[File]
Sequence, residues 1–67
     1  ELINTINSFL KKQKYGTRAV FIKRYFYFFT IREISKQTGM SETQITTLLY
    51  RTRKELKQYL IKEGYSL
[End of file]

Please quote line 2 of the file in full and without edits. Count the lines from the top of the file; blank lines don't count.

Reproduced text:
     1  ELINTINSFL KKQKYGTRAV FIKRYFYFFT IREISKQTGM SETQITTLLY